As a minister, I often get opportunities to work with families and assist them in common problems that come up.  Most every situation calls for some kind of boundaries to be created. Today we will give you steps in creating boundaries and present a couple of situations so you can see how they operate in those.

The perfect scenario presented itself for Joe and I to practice boundaries.  Let’s set things up for you, and then show you two possible outcomes that could have happened.  You choose which one you want.

HOUSING IN BOISE IS CRAZY, RIGHT?  Well, our eldest daughter got caught up in a difficult situation and to temporarily move back in with us possibly up to six months.

Five people, including two teens and a baby moved into a semi-retired couple’s fairly quiet home with their cat…and for them, WE’RE MOVING BACK IN WITH MY PARENTS?

AND, we had a great relationship.  Why ruin it now?

Scary on both sides.

Let’s lay out the land.  We have a four-bedroom house.  Our bedroom is downstairs, and the other bedrooms and a bath are upstairs.  Before they moved in, one room was as an office, one room was a production line for my business, and the last one was a guest bedroom. 


Scenario #1: Come on in!  (no planning, no forethought).  Everyone rushes in and claims a room and soon the upstairs rooms are “overtaken”.  Marie is shoved out of her office and production space and forced to find some place to work where there aren’t people.

A blood curdling scream runs through her ears and throughout her body, reminding her there is now a baby in the house.  She never finds a quiet space, and suddenly thoughts like “don’t these people know I am trying to run a business?  Why are they so thoughtless?: “  Soon much resentment is built up because there is no peace.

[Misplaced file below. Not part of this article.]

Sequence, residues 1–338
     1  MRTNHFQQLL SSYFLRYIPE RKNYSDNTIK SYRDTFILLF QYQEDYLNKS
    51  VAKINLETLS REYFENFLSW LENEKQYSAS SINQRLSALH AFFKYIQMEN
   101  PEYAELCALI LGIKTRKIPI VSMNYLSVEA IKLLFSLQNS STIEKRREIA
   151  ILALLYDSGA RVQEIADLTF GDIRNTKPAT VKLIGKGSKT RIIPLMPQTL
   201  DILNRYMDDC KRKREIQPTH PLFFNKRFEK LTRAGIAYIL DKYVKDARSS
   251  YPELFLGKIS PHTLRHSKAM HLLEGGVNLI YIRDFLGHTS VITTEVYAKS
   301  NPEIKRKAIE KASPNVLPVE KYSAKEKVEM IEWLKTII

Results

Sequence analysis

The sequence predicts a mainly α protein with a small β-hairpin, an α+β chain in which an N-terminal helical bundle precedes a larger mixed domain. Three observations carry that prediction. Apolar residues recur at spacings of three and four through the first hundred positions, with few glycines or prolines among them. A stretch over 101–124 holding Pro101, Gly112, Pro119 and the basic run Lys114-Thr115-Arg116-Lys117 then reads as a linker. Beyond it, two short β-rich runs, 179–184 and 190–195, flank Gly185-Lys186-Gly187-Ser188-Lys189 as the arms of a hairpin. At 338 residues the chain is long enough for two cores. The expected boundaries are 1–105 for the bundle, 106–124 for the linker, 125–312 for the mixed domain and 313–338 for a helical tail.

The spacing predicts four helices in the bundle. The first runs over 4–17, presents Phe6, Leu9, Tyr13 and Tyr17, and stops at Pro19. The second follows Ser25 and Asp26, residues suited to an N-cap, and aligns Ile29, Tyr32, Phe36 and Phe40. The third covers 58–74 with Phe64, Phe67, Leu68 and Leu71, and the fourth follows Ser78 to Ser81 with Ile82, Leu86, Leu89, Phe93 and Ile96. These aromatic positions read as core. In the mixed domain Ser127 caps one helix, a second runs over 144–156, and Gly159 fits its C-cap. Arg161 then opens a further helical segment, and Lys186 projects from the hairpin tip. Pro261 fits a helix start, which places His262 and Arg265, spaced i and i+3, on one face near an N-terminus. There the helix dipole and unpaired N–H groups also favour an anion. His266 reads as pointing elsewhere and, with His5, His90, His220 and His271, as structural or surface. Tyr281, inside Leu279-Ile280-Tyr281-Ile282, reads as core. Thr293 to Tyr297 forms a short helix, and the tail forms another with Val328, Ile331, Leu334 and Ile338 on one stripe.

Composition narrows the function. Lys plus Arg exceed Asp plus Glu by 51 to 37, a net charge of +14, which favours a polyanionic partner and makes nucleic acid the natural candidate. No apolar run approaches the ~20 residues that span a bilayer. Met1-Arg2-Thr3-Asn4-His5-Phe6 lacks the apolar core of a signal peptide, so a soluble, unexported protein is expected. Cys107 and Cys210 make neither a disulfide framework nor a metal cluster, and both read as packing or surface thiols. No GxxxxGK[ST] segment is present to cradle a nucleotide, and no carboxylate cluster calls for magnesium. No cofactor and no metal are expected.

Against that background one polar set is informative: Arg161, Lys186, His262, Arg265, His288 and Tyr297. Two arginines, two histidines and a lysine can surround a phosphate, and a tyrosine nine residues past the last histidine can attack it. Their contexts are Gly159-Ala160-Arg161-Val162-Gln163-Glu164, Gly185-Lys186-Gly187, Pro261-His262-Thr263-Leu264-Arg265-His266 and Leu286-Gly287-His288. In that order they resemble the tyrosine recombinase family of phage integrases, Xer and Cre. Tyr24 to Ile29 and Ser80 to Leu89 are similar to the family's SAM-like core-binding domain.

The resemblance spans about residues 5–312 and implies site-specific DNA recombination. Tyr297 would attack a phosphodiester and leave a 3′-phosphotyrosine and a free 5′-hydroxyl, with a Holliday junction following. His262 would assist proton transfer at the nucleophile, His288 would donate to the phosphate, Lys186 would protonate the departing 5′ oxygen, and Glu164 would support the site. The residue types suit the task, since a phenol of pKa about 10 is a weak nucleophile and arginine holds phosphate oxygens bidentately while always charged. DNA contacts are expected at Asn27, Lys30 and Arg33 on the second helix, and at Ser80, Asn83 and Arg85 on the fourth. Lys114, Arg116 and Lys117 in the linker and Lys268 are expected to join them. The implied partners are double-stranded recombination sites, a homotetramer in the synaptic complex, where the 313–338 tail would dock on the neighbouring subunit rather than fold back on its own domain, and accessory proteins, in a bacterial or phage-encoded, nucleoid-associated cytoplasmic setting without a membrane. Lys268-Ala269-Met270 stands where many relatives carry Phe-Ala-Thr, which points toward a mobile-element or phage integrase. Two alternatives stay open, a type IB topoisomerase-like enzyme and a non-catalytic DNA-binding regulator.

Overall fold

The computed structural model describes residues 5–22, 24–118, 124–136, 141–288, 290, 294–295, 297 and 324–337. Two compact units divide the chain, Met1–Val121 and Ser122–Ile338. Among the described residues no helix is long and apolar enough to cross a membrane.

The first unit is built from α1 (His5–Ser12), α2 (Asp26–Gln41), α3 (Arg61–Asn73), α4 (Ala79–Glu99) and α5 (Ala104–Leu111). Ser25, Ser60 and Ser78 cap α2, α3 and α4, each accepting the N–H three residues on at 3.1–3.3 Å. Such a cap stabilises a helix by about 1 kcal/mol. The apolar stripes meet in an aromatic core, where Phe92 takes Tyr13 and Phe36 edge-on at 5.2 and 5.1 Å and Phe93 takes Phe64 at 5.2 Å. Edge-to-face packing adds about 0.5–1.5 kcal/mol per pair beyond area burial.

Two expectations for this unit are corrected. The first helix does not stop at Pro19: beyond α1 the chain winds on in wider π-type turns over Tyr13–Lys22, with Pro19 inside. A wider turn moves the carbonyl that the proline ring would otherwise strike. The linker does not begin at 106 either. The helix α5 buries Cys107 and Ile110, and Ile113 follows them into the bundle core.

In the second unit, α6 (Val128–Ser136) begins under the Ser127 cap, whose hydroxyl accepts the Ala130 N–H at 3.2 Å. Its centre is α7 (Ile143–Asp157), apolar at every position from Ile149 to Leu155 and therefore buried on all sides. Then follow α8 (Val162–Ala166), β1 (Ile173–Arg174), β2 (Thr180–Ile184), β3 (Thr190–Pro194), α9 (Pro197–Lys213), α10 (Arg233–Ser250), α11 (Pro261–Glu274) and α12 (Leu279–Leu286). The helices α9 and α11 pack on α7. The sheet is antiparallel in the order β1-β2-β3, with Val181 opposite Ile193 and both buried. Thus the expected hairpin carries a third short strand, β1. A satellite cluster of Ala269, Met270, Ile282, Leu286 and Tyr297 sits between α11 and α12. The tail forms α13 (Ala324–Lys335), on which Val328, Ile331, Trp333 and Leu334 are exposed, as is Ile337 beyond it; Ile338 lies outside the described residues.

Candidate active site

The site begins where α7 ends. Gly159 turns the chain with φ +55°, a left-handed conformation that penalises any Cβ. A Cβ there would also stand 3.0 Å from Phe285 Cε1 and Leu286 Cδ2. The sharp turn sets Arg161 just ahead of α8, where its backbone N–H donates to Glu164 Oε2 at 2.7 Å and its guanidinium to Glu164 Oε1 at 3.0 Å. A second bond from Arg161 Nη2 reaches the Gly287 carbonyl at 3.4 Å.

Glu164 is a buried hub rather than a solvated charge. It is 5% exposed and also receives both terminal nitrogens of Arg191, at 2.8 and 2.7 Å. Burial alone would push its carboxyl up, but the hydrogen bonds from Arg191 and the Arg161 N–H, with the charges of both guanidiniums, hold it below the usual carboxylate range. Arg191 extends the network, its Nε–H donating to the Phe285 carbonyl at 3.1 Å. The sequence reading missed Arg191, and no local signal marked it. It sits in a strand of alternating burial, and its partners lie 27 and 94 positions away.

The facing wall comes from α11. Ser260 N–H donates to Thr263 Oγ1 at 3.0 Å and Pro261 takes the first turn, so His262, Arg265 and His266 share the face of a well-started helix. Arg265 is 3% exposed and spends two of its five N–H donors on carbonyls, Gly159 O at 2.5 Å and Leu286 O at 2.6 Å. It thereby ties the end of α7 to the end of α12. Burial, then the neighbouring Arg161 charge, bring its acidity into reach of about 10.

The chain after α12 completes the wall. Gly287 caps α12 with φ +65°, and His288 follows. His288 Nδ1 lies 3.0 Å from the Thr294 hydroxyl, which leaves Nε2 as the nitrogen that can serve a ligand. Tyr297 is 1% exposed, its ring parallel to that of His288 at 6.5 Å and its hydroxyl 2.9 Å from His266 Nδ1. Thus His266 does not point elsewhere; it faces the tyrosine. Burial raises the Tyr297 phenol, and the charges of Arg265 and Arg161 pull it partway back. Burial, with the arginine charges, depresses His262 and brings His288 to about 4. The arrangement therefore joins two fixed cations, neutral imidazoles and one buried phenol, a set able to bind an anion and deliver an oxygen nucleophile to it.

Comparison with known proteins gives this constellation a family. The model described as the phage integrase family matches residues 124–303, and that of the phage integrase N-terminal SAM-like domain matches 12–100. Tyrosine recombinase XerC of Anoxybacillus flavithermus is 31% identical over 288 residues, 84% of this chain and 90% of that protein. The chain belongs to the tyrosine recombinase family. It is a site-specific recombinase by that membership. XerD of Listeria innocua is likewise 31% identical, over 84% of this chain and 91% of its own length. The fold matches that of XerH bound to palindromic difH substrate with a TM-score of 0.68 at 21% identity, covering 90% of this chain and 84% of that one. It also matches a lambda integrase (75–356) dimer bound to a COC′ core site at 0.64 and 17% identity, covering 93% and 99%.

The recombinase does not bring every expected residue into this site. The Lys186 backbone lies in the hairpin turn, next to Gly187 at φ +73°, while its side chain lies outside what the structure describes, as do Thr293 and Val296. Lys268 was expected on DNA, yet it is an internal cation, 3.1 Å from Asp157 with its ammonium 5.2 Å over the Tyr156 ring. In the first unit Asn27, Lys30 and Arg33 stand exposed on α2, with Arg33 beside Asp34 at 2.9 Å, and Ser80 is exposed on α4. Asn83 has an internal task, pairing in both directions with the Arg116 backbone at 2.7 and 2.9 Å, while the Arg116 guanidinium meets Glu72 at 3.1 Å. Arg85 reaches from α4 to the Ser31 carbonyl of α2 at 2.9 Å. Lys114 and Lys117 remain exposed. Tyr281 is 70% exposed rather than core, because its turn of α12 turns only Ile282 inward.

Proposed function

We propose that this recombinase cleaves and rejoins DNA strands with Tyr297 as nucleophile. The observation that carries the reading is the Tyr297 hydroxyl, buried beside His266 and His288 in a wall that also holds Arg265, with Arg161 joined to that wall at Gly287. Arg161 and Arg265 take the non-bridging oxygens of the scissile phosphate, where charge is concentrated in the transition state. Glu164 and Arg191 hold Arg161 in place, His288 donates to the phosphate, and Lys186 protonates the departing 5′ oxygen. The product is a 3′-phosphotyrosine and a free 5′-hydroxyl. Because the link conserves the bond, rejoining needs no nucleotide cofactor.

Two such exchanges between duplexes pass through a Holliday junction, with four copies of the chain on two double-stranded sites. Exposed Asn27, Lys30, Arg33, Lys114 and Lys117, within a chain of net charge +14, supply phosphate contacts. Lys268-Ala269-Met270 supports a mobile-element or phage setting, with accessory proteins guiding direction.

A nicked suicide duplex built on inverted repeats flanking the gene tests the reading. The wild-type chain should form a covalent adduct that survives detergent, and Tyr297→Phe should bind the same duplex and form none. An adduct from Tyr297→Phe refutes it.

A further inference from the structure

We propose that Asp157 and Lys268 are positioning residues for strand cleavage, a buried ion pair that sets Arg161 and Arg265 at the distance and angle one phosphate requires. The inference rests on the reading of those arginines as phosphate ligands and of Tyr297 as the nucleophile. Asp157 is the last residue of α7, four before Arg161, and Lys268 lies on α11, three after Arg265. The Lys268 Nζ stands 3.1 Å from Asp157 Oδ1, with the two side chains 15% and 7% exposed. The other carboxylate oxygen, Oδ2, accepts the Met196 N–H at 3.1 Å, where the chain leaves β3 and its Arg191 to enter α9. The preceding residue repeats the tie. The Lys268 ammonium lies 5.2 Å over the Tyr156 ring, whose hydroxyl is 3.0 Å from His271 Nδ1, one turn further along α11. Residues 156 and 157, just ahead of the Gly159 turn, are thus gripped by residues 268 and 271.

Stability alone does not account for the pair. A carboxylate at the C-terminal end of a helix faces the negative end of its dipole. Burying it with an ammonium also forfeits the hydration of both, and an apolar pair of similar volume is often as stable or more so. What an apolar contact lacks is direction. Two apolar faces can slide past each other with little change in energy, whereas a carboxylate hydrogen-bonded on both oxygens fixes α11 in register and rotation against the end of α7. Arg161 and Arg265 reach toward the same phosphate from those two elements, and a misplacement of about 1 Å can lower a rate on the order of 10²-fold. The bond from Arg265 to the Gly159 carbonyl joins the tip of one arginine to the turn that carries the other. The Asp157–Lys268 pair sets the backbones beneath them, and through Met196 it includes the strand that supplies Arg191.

The kitchen is chaotic with people running over each other.  Pantry is a free for all. Business is stopped.  Living room gets taken over with video games and loud television.  No one gets to sleep. And there is nothing but noise and chaos.

Fighting ensues.  We accuse them of being thoughtless and disrespectful of our space.  Backdoor communication where we tell the grandkids what’s upsetting us and they tell their parents and the parents complain to each other and the grandkids instead of talking with us and soon the energy boils over…there are screaming matches and their stuff is thrown out on the street and then we have to call the cops to move them out.  The complaints are…they invited us, they should have known. The relationship is a long time broken.  Who knows if it will ever be repaired because there is mistrust and pain.  There was no prep.

 No space.                       No rules in place.                    No communication of wants and needs.

Scenario #2:

BEFORE anyone moves in, we call a family meeting.  Everyone, including the kids are invited.  One conversation is just communicating what are your needs?  What are your wants regarding

time and resources?   How does your typical day look?  How can we monitor and adjust?  How do we keep communicating?  How do we help us be true to ourselves AND help you be true to yourselves in this situati

on?  How do we make it a WIN WIN FOR ALL?

And then, TOGETHER, we crafted rules and boundaries we could all work with and say up front that we require weekly family meetings and regular check ins.  We zoned them off upstairs and did not hover over them.  They could use that space however they wanted.  (of course, no demolishing things…lol)  The downstairs and living room was ours to use how we wanted…not that they couldn’t be in our space, but they respected how we used that space and didn’t try to tell us how to use it.  We sectioned off the pantry space and had certain kitchen hours for each family. 

We created a space where Marie could have as much privacy and as quiet as possible for her meetings from home, and established communication for if